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If the Iowa Utilities Board allows an opt-out policy, Foss said it should be noted that while the transition for some is just now taking place, smart meters are the industry standard.

“What we know is this: That if customers choose to opt-out, now all of a sudden they’re going non-standard and that increases costs,” he said.

A brochure provided to Alliant customers notes that sticking with an analog meter could cost an additional $15 to $25 a month.

Wendy Hartman, who has lived in the same Cedar Rapids house for about 20 years, said she has been frustrated with what she calls a lack of communications from Alliant on the meters.

Hartman, who has sent her complaint to the Iowa Utilities Board, said she didn’t hear about the added cost associated with keeping an old meter until after she requested to opt out.

“I just think it’s mean-spirited and I think people are not being well-informed,” Hartman said. “Even the options that they give you are so one-sided. They really are unworkable and very restrictive.”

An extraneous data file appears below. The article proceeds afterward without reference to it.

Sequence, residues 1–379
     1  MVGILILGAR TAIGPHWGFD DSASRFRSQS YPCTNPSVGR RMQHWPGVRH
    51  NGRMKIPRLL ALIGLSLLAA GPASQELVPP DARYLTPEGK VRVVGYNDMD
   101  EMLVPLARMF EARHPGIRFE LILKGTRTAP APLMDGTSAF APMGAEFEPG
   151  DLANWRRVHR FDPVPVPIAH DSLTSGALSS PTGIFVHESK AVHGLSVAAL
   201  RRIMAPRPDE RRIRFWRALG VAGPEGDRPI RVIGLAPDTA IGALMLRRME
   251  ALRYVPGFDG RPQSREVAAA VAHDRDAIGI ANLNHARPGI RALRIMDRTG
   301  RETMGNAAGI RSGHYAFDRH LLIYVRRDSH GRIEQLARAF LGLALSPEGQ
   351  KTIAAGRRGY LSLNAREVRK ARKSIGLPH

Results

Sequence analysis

Don Tormey, Iowa Utilities Board communications manager, said the board has received correspondence from about a dozen customers about Alliant’s smart meters in Cedar Rapids. Three of those were from customers who wished to have smart meters removed from their homes.

The remaining comments have focused on the smart meters themselves. Tormey said board staff will investigate all complaints.

l Comments: (319) 339-3175; mitchell.schmidt@thegazette.com